I found this in a report on shoulder dystocia written by an OB:
Why am I surprised? The guy goes on to list several protocols for managing shoulder dystocia...which maneuvers should be used first, second, etc. Every one of those protocols includes episiotomy and/or symphysiotomy. How on earth can any medical professional read something like the above, and not even begin to think that maybe, just maybe the epidural and "delivery position" are part of the freaking problem???
In 1976, Ina May Gaskin described a maneuver for the resolution of shoulder dystocia that involves placing the gravid mother on her hands and knees. (Bruner, 1998) used this procedure in 82 deliveries complicated by shoulder dystocia and was able to resolve it in 68 cases (82%) with this maneuver alone. The average time needed to move the mother into this position and to complete delivery was reported to be 2-3 minutes. Unfortunately, there was no detailed description of fetal and maternal outcome in this report. Also, reports about this procedure have generally been in the midwifery literature, involving a patient population less likely to have epidural anesthesia and thus more likely to be fully mobile.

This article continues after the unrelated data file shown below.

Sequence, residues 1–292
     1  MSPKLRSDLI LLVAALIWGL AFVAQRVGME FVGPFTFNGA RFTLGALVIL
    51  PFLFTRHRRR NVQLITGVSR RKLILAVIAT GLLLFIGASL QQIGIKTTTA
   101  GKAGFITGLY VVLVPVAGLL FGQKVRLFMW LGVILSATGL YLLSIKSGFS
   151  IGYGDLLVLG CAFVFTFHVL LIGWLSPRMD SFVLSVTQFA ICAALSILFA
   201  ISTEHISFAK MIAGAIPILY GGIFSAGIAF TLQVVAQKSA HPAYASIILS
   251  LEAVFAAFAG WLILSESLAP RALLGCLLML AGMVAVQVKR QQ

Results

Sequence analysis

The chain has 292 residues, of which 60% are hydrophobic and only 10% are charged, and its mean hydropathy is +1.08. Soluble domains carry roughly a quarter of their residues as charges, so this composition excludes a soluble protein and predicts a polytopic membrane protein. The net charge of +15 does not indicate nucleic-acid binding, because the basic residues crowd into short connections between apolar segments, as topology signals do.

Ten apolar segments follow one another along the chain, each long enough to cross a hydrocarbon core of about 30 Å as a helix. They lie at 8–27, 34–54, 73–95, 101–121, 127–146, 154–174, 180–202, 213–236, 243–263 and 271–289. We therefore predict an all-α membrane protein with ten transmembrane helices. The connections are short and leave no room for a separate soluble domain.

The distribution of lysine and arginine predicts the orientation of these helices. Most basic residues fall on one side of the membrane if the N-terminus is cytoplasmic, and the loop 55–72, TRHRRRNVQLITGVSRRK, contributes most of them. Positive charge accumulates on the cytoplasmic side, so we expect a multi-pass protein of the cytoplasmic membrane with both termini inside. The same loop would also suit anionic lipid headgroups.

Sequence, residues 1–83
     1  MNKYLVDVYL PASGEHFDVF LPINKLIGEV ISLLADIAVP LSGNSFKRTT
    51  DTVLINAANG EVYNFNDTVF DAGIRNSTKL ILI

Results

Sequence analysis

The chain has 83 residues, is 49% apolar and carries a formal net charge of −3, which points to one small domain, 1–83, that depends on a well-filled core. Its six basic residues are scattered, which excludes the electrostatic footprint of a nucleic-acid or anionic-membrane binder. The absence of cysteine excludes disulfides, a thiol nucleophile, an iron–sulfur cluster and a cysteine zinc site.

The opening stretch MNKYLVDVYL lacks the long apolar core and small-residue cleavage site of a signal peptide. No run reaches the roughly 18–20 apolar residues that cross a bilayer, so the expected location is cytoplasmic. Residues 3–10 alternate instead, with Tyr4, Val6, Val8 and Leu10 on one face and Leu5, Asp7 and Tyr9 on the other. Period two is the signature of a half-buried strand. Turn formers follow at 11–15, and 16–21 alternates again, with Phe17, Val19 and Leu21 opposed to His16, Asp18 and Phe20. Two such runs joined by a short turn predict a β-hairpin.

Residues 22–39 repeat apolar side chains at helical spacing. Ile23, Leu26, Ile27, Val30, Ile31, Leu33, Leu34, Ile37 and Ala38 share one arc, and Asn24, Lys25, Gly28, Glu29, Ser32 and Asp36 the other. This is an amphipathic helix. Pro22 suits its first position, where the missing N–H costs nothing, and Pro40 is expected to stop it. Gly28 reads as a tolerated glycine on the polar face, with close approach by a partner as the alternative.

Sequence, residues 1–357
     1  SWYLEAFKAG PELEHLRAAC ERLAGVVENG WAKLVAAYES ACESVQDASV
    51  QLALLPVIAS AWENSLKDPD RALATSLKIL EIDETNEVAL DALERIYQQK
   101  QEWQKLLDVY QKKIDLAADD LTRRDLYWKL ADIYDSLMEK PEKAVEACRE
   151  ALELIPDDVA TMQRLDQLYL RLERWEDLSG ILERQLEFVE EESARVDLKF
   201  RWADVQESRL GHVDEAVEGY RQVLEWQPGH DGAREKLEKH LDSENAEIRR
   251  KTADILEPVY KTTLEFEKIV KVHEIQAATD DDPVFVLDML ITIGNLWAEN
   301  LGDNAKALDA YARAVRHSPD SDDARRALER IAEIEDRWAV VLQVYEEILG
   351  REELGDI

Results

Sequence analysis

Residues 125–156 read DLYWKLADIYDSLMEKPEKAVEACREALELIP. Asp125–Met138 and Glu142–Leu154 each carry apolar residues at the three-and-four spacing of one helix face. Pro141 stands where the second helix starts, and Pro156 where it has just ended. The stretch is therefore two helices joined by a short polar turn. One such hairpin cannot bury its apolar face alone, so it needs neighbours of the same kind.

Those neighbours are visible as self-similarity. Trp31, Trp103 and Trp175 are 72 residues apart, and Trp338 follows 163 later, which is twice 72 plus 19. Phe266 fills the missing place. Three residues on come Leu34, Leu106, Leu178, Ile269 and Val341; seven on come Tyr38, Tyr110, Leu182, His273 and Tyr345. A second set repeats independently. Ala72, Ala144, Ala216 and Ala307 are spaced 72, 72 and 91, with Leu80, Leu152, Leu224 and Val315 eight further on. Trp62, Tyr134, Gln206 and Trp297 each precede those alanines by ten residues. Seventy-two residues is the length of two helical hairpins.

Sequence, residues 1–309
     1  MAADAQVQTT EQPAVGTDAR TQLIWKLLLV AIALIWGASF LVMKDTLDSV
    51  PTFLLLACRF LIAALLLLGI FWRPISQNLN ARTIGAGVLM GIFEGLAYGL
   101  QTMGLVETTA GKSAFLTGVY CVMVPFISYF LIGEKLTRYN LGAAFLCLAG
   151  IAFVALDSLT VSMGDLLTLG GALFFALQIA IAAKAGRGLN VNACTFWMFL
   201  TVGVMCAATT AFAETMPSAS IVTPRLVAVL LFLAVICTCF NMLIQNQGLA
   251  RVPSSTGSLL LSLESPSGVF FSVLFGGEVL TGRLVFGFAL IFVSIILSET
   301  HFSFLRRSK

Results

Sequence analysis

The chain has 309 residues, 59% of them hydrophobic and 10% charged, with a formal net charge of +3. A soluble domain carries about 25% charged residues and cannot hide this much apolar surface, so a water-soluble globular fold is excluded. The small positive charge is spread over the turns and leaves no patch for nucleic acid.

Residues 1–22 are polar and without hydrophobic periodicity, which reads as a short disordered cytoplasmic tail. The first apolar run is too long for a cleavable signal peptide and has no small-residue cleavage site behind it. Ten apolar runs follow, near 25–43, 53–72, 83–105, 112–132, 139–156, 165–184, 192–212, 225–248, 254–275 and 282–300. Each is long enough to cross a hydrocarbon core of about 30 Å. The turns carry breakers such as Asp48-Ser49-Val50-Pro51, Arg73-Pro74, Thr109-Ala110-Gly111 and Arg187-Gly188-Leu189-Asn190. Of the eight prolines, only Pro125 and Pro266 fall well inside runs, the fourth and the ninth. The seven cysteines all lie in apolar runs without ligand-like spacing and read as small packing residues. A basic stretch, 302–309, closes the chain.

It may be that the "all-fours maneuver" is merely another means of changing the angle of the symphysis in relation to the stuck shoulder, akin to McRoberts maneuver. Since the all-fours maneuver involves a gravid woman at the end of her pregnancy, exhausted by a long labor, often with an epidural in place, being moved quickly out of her delivery position onto all fours on her bed or on the floor, the practicality of this maneuver for a general obstetrical population is open to question. Unless more data is presented as to its efficacy and utility, it cannot be considered a standard procedure for the resolution of shoulder dystocia.